Physical methods like heat, cold, touch, and exercise can help to reduce pain. These strategies can help improve your overall sense of well-being. They can improve your ability to do the things you want to do. Physical treatments can be used on their own for the treatment of pain, However, they are typically used in combination with other pain-relieving methods.
Heat is helpful when dealing with pain due to stiffness. Applying heat increases blood flow. Heat feels soothing, and it can help relieve stiffness in your muscles and joints.
Here are some ways you can use heat:
• Use a hot water bottle, heat pack, or heating pad/blanket.
• Apply heating lotions or gels to the affected area.
• Have a warm bath or shower.
• Do exercises in a hot tub or warm swimming pool.
• Use paraffin wax baths for your hands, feet, and elbows.
Be careful not to burn yourself. Never fall asleep on a heating pad. Turn it off when you get sleepy.
For some people, cold is a favourite way of dealing with pain. Cold is especially helpful for injured joints and can be helpful for soothing red, swollen joints. Cold gives a natural numbing effect. It numbs the nerve endings in the affected areas. Cold can also help to reduce swelling and inflammation by slowing blood flow and decreasing the activity of cells in your body.
Here are some ways you can use cold:
• Use a frozen gel pack wrapped in a towel.
• Try a plastic bag filled with ice or frozen vegetables (peas) wrapped in a towel to avoid freezing your skin.
• Use a cold cloth or compress.
• Apply menthol-based gels or lotions to the affected area.
Remember to be careful when using cold so that you do not freeze your skin.
Heat and cold provide short-term pain relief. Some people find it helpful to alternate between using hot and cold for swelling, muscle spasms, and sore joints. Twenty minutes on followed by 20 minutes off is a good rule of thumb when using both heat and cold.
Massage or rubbing is another way to help manage pain. Massage can stretch and loosen stiff muscles and help decrease stress. Rubbing your sore joint will help to block the pain signals from reaching your brain.
Here are some ways you can use massage:
• Get a massage from a massage therapist. While this will help to relax your entire body, it probably is not possible to have this done very often, as your insurance might only provide limited coverage.
• Ask someone to rub your sore joints.
• Give yourself a massage by rubbing the painful areas.
• Use a back massage device or massage pillow.
Gentle, regular exercise can help protect your joints and muscles from further injury. Exercising helps to build muscle, which in turn provides your joints with more support. If a joint is surrounded by strong muscles, then there is less stress on the joint when it moves than if the surrounding muscles are weak and thin. Regular exercise can also help maintain a healthy weight, which helps to reduce the pressure on your joints.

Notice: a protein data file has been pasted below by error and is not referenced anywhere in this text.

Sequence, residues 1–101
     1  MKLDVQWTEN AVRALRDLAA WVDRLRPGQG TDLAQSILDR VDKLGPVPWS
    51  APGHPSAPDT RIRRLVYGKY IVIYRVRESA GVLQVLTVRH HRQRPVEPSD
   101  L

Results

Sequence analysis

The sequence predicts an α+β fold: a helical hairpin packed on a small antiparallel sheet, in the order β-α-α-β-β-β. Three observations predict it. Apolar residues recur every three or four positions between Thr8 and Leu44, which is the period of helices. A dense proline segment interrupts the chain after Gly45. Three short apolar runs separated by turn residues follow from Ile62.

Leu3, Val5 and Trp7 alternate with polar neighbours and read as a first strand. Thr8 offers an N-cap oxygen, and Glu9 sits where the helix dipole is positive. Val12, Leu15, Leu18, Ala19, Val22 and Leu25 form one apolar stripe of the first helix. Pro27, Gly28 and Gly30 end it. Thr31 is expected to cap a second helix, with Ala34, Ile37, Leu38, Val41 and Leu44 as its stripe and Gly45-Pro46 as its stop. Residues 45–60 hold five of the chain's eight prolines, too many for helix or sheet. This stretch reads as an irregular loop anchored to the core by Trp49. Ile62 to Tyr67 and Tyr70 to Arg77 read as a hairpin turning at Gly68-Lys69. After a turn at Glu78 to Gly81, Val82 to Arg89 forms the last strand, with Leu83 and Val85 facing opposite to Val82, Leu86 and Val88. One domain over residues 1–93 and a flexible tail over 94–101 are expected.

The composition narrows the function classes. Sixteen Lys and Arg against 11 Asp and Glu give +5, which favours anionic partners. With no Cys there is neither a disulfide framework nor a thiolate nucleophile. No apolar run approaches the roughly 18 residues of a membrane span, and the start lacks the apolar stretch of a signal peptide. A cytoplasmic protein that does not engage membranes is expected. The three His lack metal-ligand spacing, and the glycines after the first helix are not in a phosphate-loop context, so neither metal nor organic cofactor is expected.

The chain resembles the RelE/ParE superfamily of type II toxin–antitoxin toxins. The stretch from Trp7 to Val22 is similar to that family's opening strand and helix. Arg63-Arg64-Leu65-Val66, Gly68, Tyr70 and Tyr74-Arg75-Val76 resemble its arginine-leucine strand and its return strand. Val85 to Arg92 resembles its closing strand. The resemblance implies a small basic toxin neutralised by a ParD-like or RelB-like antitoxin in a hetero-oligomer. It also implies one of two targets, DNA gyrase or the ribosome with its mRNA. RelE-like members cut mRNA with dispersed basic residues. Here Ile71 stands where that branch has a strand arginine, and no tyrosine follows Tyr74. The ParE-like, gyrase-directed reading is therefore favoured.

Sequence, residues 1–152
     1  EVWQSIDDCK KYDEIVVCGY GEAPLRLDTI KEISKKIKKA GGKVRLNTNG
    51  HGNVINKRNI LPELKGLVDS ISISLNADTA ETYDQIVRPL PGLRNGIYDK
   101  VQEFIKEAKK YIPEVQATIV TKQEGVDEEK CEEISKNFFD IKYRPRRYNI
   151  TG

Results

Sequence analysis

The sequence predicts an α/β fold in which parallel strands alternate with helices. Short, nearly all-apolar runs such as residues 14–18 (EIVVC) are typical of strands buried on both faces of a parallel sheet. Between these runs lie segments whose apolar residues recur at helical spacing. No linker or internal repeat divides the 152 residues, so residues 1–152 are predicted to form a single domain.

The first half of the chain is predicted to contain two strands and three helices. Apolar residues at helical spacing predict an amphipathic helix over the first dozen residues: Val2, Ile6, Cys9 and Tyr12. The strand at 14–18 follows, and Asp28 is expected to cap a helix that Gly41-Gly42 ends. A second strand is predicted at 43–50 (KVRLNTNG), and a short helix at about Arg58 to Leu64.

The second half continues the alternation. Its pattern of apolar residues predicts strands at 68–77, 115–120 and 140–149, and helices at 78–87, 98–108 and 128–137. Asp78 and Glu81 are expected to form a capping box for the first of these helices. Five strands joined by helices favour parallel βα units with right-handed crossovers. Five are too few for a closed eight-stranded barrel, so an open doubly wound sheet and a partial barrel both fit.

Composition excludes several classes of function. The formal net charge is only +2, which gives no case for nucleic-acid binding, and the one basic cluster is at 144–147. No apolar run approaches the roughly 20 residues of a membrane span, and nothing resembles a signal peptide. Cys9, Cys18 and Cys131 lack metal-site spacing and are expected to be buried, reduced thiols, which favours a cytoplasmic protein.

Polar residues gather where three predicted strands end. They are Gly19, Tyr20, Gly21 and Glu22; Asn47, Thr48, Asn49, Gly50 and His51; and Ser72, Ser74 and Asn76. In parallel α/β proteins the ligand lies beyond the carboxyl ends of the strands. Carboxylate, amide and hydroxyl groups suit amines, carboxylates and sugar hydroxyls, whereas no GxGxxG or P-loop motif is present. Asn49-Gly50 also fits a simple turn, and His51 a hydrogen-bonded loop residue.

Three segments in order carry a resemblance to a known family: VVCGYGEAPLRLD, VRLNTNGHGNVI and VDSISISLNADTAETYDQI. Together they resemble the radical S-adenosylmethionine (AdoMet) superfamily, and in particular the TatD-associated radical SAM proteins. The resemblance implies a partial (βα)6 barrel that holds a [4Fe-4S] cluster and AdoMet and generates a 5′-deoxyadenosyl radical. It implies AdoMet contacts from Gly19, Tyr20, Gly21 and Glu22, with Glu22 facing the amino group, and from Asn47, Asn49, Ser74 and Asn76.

Regular exercise can also help maintain a healthy weight, which helps to reduce the pressure on your joints.
Exercise encourages healing in injured or inflamed areas and can improve your energy level and mood. Exercise also releases your body’s own natural pain-relieving substances called endorphins.
It is important to find a type of exercise that you enjoy, like swimming, yoga, or walking your dog. You can build up slowly from there.
You might feel like doing nothing if your joints hurt and you can’t do your normal exercise routine. You may also want to be alone and just take it easy. This makes sense when you have pain that lasts a short time. However, with JIA pain that keeps coming back, you may end up spending too much time by yourself. This might lead you to feel lonely, down, or stressed out. Don’t let your pain keep you from doing the things you want to do, especially enjoying the company of other people.
After exercising, you may have a bit of muscle or joint soreness. A little soreness is normal, but severe soreness is a sign that you have done too much. It is important to push your body, but don’t exhaust yourself. If you have severe soreness, reduce the intensity or length of the exercise and then gradually build up again as your muscles get stronger. This is called pacing. It is better to pace yourself and give about the same amount of effort each day, rather than do too much one day and nothing the next day.
Your doctor and physiotherapist can provide you with education and instruction on ways to stay active during a painful flare.